Splash Time

If you haven’t been acting like a lizard and hiding in the shade under one rock at time in this unwelcomed heat, just think: summer has only begun!  What’s August going to be like around our state? The Gov has asked us to pray for rain (for reals) and to conserve energy and water. I might ask him to go further and put some rules into place now rather than when we’re down to our last drops, like asking restaurants to not serve water unless asked to do so and requiring all decorative fountains to be shut down if they aren’t constantly recycling the water, making sure each county that has golf courses evaluates their water use and actually enforce watering times for lawns and agricultural crops.

Where are big fountains in Utah? Free fun can be had at Gateway’s ‘Olympic Legacy Plaza Snowflake Fountain’ which shoots water from the ground into the air, as does the Town Square Park fountain in St. George. The Seven Canyons Fountain at Liberty Park is a favorite play area for kids that’s also free as well as the Oquirrh Shadows Park Splash Pad in South Jordan. The Desert Wave public pool in Price has the WIBIT indoor pool obstacle course at 250 E. 500 North as well as large outdoor pools for all ages, and Lagoon in Farmington has plenty of swim and water play options. The Bellagio-like musical fountain at Station Park in Farmington is not a place to swim but certainly gives you a cool feeling to watch when you’re hot.

One of the more popular parks in Utah is Cowabunga Bay in Draper, which reminds me of a ginormous ‘Mouse Trap’ game only with water rushing up and down it’s raceways. They have beaches, pools, splashes and rivers and cabana’s you can rent for more of a VIP experience around a private pool. Driving by on I-15 you can see the huge yellow water bucket dump 1200 gallons of water onto patrons standing below it. The oldest operating water park is Cherry Hill in Kaysville which is so popular this year that they have sold out Season Passes for 2021. This resort is unique in that it has a campground and mini golf, pools, a lazy river, and water slides. Seven Peaks waterpark in Provo is now Splash Summit Waterpark and offers 15 different attractions for swimmers and kids. It is Utah’s largest water park and they have just spent a ton of money on what is called the Rainforest River. “Guests will float around this new masterpiece enjoying the sights, sounds and smells of the rainforest,” said Spencer Shumway, owner. Also in Utah County is the smaller Spanish Fork Water Park at 199 N. 300 West.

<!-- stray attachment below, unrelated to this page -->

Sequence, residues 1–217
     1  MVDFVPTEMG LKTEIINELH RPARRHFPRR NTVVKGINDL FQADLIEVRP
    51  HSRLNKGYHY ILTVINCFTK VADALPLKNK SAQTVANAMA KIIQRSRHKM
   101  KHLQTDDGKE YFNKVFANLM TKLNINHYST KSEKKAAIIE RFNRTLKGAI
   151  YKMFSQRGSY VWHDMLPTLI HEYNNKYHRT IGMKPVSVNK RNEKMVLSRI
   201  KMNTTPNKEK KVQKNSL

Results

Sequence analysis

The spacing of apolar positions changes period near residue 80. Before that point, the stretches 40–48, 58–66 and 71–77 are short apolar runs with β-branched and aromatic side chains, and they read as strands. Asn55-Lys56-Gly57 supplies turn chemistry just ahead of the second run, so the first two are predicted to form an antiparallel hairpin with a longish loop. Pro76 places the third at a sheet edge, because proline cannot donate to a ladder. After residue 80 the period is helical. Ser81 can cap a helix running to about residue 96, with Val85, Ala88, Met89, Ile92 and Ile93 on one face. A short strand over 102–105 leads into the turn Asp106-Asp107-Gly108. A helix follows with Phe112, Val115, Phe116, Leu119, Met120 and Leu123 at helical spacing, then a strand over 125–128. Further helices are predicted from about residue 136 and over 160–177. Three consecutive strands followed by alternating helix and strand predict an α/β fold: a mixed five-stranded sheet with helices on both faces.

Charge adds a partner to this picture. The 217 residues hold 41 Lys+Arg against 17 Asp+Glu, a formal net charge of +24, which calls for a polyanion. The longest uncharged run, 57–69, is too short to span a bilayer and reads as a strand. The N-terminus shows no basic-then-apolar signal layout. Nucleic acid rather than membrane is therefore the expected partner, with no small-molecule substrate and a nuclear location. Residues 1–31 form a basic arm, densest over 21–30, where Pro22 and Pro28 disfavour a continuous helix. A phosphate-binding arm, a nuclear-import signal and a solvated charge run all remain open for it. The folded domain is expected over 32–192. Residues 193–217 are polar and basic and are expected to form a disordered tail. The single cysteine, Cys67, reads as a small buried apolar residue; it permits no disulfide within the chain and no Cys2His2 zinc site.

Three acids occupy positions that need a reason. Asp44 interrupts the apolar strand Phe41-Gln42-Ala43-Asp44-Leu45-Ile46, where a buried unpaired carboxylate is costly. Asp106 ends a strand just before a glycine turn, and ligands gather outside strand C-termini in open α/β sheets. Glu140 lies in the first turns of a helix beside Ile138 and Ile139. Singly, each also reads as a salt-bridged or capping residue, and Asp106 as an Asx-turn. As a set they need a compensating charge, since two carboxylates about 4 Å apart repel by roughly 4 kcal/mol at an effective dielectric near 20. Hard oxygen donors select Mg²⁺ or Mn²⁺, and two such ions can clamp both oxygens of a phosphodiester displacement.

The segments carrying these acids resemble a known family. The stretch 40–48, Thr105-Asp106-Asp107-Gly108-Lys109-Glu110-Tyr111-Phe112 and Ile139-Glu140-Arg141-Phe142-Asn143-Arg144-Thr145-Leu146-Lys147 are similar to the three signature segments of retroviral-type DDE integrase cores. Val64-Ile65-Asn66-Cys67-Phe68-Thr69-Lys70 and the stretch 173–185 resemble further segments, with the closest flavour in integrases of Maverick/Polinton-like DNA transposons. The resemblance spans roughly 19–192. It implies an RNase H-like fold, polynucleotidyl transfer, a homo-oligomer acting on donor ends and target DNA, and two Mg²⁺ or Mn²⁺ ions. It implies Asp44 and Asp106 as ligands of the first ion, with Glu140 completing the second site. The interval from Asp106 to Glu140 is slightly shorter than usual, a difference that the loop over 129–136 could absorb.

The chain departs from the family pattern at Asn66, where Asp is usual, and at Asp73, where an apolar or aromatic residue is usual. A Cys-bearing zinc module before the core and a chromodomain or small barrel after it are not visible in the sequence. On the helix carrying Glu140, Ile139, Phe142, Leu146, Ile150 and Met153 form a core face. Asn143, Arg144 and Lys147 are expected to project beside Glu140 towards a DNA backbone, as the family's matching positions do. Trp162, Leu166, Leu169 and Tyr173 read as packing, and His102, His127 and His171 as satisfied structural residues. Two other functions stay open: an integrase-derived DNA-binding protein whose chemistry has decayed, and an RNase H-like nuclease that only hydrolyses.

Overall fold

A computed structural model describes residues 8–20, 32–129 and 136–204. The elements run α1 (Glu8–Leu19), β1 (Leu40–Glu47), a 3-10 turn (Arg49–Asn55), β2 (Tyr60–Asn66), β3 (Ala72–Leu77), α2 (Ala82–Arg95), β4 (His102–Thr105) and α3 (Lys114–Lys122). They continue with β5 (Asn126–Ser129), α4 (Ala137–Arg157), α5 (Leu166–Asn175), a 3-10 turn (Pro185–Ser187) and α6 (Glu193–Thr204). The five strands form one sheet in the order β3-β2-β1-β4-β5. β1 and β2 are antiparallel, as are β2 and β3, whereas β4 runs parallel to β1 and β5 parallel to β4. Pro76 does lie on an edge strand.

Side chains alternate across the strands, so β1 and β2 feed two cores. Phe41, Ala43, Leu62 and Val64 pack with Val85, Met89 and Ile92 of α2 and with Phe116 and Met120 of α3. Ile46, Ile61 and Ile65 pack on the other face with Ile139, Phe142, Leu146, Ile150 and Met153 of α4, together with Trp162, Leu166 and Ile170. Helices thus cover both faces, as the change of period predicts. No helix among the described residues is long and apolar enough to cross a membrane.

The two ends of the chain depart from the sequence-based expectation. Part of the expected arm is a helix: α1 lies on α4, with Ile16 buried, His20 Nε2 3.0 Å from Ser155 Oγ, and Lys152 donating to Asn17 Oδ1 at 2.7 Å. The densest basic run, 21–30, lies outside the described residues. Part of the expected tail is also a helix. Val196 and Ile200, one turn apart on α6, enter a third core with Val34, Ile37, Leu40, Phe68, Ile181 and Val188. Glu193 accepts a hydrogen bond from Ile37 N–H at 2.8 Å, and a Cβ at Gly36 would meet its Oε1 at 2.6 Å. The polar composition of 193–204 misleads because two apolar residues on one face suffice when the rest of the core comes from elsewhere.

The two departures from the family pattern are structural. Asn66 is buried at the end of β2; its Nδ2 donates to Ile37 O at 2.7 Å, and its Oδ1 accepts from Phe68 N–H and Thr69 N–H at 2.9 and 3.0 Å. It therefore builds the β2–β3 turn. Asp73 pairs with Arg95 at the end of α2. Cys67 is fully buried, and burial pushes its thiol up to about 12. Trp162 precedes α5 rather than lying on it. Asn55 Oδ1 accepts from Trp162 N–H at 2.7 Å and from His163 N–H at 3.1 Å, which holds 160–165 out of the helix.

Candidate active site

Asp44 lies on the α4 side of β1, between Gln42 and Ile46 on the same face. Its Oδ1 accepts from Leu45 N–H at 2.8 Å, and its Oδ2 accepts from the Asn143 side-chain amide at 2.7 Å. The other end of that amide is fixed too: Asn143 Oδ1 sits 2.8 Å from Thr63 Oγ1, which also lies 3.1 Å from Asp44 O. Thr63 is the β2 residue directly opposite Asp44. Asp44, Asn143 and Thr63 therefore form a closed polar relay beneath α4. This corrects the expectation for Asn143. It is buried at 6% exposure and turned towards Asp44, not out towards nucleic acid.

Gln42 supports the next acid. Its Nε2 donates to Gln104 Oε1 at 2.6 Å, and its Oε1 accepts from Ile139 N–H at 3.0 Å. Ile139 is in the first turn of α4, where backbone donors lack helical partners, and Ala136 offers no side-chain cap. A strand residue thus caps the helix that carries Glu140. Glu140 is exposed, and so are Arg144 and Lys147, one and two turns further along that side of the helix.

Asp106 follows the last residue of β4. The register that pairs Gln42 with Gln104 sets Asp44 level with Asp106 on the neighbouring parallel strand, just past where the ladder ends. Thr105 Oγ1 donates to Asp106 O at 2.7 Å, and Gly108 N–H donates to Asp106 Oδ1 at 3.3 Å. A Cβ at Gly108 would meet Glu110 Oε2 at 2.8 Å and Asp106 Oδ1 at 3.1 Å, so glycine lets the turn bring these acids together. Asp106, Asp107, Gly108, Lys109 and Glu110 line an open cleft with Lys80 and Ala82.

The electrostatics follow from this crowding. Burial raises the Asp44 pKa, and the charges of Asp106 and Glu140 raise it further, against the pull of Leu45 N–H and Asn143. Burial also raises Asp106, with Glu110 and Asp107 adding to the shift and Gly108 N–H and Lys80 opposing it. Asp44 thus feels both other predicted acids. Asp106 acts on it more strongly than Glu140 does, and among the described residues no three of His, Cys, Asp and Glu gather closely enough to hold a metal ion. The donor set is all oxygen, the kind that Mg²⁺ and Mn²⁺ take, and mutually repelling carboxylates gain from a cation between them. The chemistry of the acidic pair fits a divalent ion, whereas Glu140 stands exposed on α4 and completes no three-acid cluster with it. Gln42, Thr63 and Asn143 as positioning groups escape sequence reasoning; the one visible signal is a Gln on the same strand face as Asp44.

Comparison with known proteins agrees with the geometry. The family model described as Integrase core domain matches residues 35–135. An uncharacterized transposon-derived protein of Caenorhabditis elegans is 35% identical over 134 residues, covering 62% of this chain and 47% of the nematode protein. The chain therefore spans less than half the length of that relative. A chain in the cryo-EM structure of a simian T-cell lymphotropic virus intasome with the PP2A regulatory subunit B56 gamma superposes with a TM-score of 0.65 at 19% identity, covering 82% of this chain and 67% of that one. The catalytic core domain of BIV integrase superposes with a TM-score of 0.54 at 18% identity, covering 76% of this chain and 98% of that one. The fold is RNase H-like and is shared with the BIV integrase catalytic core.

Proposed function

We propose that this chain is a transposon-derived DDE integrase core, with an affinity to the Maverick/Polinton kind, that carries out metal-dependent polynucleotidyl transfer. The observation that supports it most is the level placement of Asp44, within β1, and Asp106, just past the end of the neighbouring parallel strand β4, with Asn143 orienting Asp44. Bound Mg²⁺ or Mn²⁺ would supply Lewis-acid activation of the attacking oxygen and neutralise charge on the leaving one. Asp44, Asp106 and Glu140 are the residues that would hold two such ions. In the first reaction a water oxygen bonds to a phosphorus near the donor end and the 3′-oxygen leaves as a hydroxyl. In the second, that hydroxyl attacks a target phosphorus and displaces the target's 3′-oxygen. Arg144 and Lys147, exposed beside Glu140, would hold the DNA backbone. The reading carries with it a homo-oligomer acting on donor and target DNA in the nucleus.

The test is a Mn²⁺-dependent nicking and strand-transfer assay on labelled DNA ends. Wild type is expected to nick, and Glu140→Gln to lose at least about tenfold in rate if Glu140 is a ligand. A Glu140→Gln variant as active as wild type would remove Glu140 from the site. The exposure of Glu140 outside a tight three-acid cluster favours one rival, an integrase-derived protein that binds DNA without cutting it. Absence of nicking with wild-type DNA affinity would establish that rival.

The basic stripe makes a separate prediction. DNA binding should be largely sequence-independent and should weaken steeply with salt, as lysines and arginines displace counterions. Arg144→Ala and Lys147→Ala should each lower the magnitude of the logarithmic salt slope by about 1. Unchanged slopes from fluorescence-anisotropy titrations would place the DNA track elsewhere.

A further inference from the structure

Also, there’s a splash zone at Hogle Zoo, which helps when you’re roaming around the grounds in triple digit heat wishing you had some way to cool off. It’s got a cute shipwreck/pirate them and an added tide pool full of starfish and other creatures.

House Porn

I didn’t have television for years. Then my clients started talking about this ‘HGTV’ and all these programs about flipping houses and million dollar listings. So, I signed up for cable and of course like many of you, my brain has turned to mush. I have NOT however gotten addicted to house porn, watching all the home shows, and cruising various websites to view dream homes I could never buy in Manhattan, Hawaii, Mexico, etc. Why? Because I live and breath ‘looking at homes’ seven days a week! I do have agent friends all over the country and I love talking to them about their markets and sales prices and the crazy stories that often go with multi-million dollar properties.

NYC is all abuzz this past month after the biggest transaction so far this year closed at 220 Central Park South. The buyer purchased two floors in the building for a mere $157.5 million. It is right in the center of what is known there as ‘Billionaires Row’, where insanely high glass residential towers have been erected on and around Central Park. On the West Coast where my granddaughter is now apprenticing at a real estate firm in Los Angeles, there have been some multi-million dollar mansions trade hands. Barron Hilton’s (as in hotels, and now deceased) Bel-Air estate closed escrow for $61.5 million. It was designed by an architect who worked for Fran Sinatra and Lucille Ball, and had 13,000 sq. ft, 13 bedrooms and 17 bathrooms and was known for it’s famous Moderne-inspired swimming pool with a blue, gold and yellow tiled pool depicting the 12 signs of the Zodiac.